In market terms, ecclesiastical gates are not the subject of mass appeal but examples by major 19th century designers certainly had their devotees at two June sales.
Extracted from Antiques Trade Gazette | Terence Ryle
A pair of 7ft 4in (2.23m) tall bronze gates and three single gates were originally at St John the Baptist Church, Norwich, the largest Catholic parish church in Britain when it was designed c.1882 by George Gilbert Scott Jr (1839-97). In 1976 the church was consecrated as East Anglia Cathedral.
A few years earlier, following problems with thefts, it was decided to sell the gates, all stamped by maker Thos Potter & Sons Ltd, Putney Bridge Ironworks London, SW.
They resurfaced when consigned to Summers Place Auctions (25% buyer’s premium) in Billingshurst, West Sussex, on June 12.
The Church had expressed interest in buying them but it was an American collector who took them, bidding a top-estimate £25,000 on the pair and three above-estimates bids of £10,000 for each of the single gates.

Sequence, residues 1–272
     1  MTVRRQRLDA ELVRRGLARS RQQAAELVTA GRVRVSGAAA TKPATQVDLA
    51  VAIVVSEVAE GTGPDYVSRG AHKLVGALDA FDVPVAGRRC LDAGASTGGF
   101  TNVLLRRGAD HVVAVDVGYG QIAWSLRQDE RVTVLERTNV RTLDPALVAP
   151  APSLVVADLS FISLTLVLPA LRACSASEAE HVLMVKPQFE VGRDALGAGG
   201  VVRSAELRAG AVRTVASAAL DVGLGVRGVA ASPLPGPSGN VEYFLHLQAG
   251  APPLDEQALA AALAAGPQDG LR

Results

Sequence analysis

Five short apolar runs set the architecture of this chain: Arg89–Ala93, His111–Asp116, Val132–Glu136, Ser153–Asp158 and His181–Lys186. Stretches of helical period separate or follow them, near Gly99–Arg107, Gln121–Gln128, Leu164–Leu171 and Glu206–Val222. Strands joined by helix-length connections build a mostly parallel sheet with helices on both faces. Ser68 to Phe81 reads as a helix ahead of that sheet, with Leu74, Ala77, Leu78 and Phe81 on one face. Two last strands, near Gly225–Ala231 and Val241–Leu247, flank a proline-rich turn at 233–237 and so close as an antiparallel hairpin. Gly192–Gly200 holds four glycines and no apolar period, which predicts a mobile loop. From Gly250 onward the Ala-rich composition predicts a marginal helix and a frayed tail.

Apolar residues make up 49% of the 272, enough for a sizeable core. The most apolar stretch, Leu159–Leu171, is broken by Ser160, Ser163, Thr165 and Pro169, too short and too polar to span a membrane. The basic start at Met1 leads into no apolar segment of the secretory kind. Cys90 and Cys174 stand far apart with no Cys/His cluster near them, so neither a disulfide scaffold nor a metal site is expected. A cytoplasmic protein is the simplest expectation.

The second set of gates were of wrought iron rather than bronze and smaller at 3ft 11in (1.19m) but were probably designed by EW Pugin.
They stood inside a church designed by his more famous father, Augustus NW Pugin (1812-52). With gold trefoil terminals and heraldic Ms below trefoil fleur de lys, they were cast by Hardman Powell & Co for St Mary’s Church in Derby, Pugin Senior’s first major church commission.
They were removed in the 1980s during refurbishment and offered by Woolley & Wallis (25% buyer’s premium) at the 495-lot Arts & Crafts sale at Salisbury on June 19.
Pitched at £500-1000, the gates sold for £2200.